Part of the problem is that the political rhetoric is all about being tough on crime, because that plays well in terms of public opinion. The previous justice secretary, Chris Grayling, tried to ban books inside prisons, which is so stupid it defies description. There’s very little recognition of the extent to which people fall into the prison system through poverty, mental illness, addiction – through having chaotic lives rather than through being evil. And once you’re in it’s very, very hard to break the cycle and get your life back to any kind of normalcy.

Looking back a moment to The Girl with all the Gifts, which managed by way of bookish gossip to become a bit of a phenomenon (rightly so given its sheer imaginative genius and emotional core) – was there a certain trepidation in what you might do next? A tough act to follow…

There was a lot of trepidation and a lot of scrutiny. Or at least the sense of a lot of scrutiny. GIRL exceeded everyone’s expectations, I think, and it changed a lot of things in my life. I had a lot of intense conversations with my editors both in the UK and in America as to what I might do next. We talked very tentatively about the possibility of a sequel to GIRL, but given how the book ends I felt – and everyone else agreed – that a sequel would have to be a very strange animal indeed. It would be in a totally different genre to the original, for one thing.

I came up with a number of pitches, but Fellside was the one that I was the most invested in and it was the one that stuck. It’s nice when it works out like that. Sometimes when I was writing comics I’d send in a pitch for something I desperately wanted to write and a couple of half-hearted makeweights I’d cobbled together on the back of an envelope – and then the response would come back that the publisher wanted to commission one of the makeweights! Fortunately that didn’t happen here.

But yeah, there’s still the question of how Fellside will be received. A lot of the people who read it will be picking it up because they read and enjoyed GIRL, and obviously it’s very different from GIRL. I’ll have to wait and see…

In the spirit of Fellside, if you could see inside the dreams of any one person, who would you pick and why?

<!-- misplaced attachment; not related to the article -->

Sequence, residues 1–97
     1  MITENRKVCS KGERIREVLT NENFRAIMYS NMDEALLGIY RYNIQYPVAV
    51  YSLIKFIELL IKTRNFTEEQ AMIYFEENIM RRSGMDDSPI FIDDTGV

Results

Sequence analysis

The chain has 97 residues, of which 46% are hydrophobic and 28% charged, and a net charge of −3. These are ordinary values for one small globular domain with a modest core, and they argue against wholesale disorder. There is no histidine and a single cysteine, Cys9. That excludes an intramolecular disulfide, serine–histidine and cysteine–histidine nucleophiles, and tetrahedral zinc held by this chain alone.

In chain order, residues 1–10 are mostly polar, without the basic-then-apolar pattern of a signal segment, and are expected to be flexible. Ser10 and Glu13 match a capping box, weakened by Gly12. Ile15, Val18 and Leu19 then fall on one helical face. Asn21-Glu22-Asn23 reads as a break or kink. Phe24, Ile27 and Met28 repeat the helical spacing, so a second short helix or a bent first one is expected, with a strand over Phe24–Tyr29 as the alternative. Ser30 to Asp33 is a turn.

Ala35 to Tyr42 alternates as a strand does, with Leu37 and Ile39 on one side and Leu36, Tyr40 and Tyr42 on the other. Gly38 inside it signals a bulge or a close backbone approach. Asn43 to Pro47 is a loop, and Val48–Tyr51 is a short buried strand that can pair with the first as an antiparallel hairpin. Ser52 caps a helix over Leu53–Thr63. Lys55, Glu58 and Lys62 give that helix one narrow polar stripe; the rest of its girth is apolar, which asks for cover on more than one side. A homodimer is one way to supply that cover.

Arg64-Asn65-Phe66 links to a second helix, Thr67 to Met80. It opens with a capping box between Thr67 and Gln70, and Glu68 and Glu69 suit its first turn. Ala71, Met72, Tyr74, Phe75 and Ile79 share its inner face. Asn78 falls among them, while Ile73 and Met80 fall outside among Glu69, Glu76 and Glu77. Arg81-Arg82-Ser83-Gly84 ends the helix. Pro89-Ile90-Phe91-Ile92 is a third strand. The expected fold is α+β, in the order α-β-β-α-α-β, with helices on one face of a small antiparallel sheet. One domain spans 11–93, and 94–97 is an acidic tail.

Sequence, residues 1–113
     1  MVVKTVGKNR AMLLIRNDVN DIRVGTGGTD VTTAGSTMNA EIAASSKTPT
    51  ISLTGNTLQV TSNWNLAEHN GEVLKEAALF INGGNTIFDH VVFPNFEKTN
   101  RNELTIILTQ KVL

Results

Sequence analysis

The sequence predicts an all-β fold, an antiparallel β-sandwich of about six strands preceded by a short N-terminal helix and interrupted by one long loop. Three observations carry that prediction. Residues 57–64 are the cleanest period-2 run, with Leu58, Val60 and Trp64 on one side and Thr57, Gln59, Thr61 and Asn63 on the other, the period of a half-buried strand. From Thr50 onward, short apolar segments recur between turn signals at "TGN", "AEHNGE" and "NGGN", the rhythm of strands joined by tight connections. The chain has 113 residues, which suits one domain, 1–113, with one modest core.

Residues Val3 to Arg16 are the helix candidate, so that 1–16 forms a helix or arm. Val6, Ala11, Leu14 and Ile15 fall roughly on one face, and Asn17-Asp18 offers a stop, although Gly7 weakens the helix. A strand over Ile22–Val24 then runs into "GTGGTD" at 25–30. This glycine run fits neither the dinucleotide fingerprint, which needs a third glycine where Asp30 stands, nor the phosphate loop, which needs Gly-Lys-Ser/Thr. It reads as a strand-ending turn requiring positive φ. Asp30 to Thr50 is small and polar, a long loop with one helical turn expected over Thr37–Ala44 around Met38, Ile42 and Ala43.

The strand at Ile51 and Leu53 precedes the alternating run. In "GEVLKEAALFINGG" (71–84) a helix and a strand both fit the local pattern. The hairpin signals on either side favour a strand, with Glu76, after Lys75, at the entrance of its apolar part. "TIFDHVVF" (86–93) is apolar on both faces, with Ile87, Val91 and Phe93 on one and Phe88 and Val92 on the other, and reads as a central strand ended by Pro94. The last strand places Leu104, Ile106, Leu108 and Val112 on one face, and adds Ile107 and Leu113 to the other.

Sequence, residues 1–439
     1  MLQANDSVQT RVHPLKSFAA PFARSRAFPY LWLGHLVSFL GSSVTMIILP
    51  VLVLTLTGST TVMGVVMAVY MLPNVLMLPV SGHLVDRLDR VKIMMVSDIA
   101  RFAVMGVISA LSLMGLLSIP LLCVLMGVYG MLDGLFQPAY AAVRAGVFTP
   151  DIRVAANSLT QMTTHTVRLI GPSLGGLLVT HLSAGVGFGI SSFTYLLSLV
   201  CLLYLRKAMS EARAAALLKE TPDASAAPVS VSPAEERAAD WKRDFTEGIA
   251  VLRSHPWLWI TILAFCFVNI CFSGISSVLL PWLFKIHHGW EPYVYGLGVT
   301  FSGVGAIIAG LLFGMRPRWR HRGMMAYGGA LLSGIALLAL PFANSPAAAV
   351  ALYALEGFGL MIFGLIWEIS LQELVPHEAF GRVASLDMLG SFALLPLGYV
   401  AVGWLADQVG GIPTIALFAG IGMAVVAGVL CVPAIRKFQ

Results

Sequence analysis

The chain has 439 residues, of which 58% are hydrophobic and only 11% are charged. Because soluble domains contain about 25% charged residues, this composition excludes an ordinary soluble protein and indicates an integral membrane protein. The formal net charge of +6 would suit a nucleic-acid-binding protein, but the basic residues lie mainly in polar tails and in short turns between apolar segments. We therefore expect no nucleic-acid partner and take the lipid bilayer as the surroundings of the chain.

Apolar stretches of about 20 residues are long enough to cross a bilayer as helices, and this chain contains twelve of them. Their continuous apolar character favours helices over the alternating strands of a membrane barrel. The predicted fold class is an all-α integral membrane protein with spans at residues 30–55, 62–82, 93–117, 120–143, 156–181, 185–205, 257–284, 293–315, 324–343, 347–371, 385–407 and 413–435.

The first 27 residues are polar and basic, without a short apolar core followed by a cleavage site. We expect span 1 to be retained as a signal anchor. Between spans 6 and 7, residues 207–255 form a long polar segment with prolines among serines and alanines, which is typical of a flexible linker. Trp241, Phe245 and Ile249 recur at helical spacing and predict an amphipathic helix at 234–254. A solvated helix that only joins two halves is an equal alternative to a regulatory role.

That’s a tough one. Donald Trump, maybe. You’d be bound to have a wild ride, and it would be cheaper than drugs.

You caused this reader a lot of book trauma with both of these novels (in the very best way possible of course) – are you sorry for my sleepless nights? Or secretly doing an evil little laugh and rubbing your hands together…

I am both ashamed and kind of proud. You write to have an effect on people. A good effect, obviously, but also a powerful one. Chuck Palahniuk used to choose his short story Guts when he was asked to do a public reading because it invariably got very intense reactions, including (but not limited to) people throwing up, crying or fainting. He said he felt short-changed if he didn’t get at least a few casualties. I was a little scandalised when I read that, but I also knew where he was coming from. You want your stories to touch people, and to stay in their minds. It’s a tiny, tiny piece of immortality.

Finally are you able to give any hints as to what might be next for you?

I’m finishing work on a new novel, tentatively titled Bedlam Bridge. I’m meant to be delivering that to Orbit in April, and I’m still on course to make that deadline. Without saying too much, it’s quite similar in genre and theme to The Girl With All the Gifts but with a different spin and a different setting.

I’m also working on Highest House, a series of graphic novels with Peter Gross for French publisher Editions Glenat.

And apart from that, what I’m mainly doing is screenwriting. It feels weird and amazing to say that. The screenplay I wrote for the movie version of The Girl With All the Gifts seems to have opened a lot of doors. I’m currently working on a draft for a TV pilot and treatments for a number of movies. It’s exhausting, but crazy fun – a new world for me, which I’m exploring with great pleasure.

Thank you so much!

You’re welcome, Liz. And thanks for having me on the blog!

Follow the author on Twitter here.

You can Purchase Fellside by clickety clicking HERE

About the Book:


Fellside is a maximum security prison on the edge of the Yorkshire Moors. It’s not the kind of place you’d want to end up. But it’s where Jess Moulson could be spending the rest of her life.

It’s a place where even the walls whisper.

And one voice belongs to a little boy with a message for Jess.

Happy Reading Folks!